Student health insurance cost to rise with reform

New coverage mandates in the law may drive costs up for students.

Sarah Nienaber

Mandatory health care coverage isnâÄôt something new for University of Minnesota students.
The University placed a mandate for all students to have health care coverage in the 1970s, which makes the federal health care reform a relatively easy transition at the University.
The reform, signed into law in March, will not have as many administrative changes for student health insurance as it does for employer-sponsored plans, but because limits on pharmacy costs must be eliminated and preventative care measures must be implemented into plans, premiums for student insurance plans will likely increase.
This is something nutrition graduate student Xiaochun Wang said would be harder to afford.
âÄúItâÄôs reasonable right now because it covers almost anything and also if I want to buy medicine and drugs it covers a lot, so I think thatâÄôs reasonable,âÄù Wang said of her insurance costs through the University.
âÄúItâÄôs still a little bit high, so if itâÄôs raised again it will be even harder to afford,âÄù she said.
Premiums generally go up due to an annual increase in the medical cost of living, said Susann Jackson, director of student health benefits at Boynton Health Service. She predicted that next yearâÄôs increase for the plan would probably be about 2 percent and within the next five to 10 years would be somewhere between 2 and 8 percent total.
Jackson said if the cost of student insurance needs to be raised, the Office of Student Health Benefits does what it can to keep the percentage increase in the single digits.
Right now, students pay $930 per semester for insurance.
As with employee health insurance, many unknowns still revolve around the effects the health care reform may have on insurance for students. Edward Ehlinger, director and chief health officer at Boynton, said this comes from the legislationâÄôs lack of consideration for student health insurance.
âÄúThere is very little definitive in the legislation that talks about student plans,âÄù he said. âÄúThe unknowns that we have are markedly greater than the unknowns that the employee plans have.âÄù
Ehlinger said the federal health care act includes only a short entry concerning student health coverage. The possibility of repealing the legislation, which some Republicans and some Democrats have raised, poses questions as well.
Regardless of these unknowns, Ehlinger said there is great benefit for students when it comes to shopping for health care coverage. Colleges and universities will be able to offer higher quality plans that will allow students to be placed in a pool with peers their age who have limited health problems, he said.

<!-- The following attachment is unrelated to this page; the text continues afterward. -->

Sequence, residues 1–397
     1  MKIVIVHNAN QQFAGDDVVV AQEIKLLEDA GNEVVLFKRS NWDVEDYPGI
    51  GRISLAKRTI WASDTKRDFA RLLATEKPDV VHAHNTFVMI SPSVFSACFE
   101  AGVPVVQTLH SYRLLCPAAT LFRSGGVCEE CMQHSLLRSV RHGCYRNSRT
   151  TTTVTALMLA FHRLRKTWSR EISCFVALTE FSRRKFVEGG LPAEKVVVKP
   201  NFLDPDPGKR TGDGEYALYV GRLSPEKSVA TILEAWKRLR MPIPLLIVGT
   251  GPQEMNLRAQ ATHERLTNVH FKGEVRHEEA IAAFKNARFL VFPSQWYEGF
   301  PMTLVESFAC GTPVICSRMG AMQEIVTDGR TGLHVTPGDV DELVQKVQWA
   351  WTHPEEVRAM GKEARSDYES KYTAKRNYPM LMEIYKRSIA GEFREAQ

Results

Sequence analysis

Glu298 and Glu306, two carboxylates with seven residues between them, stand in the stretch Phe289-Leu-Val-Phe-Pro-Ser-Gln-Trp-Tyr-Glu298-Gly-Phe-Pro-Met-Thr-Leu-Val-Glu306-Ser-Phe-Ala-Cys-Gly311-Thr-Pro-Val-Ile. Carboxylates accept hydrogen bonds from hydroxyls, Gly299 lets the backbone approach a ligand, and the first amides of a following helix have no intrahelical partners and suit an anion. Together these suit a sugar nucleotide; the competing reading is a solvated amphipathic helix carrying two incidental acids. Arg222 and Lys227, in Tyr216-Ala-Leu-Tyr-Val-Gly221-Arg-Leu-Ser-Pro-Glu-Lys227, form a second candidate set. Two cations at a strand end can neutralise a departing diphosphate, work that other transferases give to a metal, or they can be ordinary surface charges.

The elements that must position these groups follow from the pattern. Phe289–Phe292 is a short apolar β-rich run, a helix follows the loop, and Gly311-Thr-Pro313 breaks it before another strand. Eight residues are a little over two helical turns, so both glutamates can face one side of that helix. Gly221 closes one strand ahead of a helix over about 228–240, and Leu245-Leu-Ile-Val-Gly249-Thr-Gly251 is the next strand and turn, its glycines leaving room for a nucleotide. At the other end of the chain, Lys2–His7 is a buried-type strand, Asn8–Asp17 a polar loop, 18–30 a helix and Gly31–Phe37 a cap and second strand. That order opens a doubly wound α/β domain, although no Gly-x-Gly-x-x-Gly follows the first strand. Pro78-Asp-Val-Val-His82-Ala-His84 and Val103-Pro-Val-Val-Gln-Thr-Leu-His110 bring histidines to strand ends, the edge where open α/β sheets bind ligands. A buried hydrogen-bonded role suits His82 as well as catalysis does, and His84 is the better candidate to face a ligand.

âÄúWe see it as an opportunity,âÄù he said. âÄúWe think weâÄôll be able to provide a better quality plan at a lower price than what the exchanges can offer.âÄù
Another opportunity Ehlinger sees is a relief in pressure on student service fees by the current insurance
system. He hopes that because preventative care will be included in insurance plans, Boynton will have to ask for less from student services fees, which is where that money comes from now.
For the 2010-11 school year, students paid $118.13 a semester in student services fees specifically for Boynton.
The transition doesnâÄôt come without changes, however.
Health care reform burdens the industry with the costs of preventative care and other restrictions, which causes individualsâÄô costs to go up, Jackson said. This is how the reform equates to more expensive University-sponsored student health plans, she said.
Jackson explained that high-deductible plans offered outside the University mean lower monthly premiums, which looks very appealing to students, who are mostly low-income. Because of this, many students may try migrating to these other plans to save money on a monthly basis, taking the risk that they wonâÄôt get sick and need health care, she said.
When students do get sick, though, a higher deductible may be one they canâÄôt afford, Jackson said.
The University health care plan doesnâÄôt have deductibles.
Jackson boasted that the UniversityâÄôs student health plan was one of the most comprehensive of its kind in the country. She cited health care giant Blue Cross/Blue Shield, which admitted that if it was to offer an equivalent plan, it would cost about 25 percent more than what the University charges because of the administrative cost-saving techniques that have already been developed by the University.
âÄúWeâÄôre already very efficient,âÄù Jackson said. âÄúWe know weâÄôll be able to compete with those plans. However, are students going to be informed enough to realize that their student health plan is going to be the best buy?âÄù
Giving the best coverage for the dollar is one of the goals of the UniversityâÄôs health coverage plan. Operating in a fiscally responsible manner is one of the others, Jackson said.
âÄúHealth care reform is not in the best interest of students,âÄù Jackson said, âÄúbecause it promotes those high deductible plans.âÄù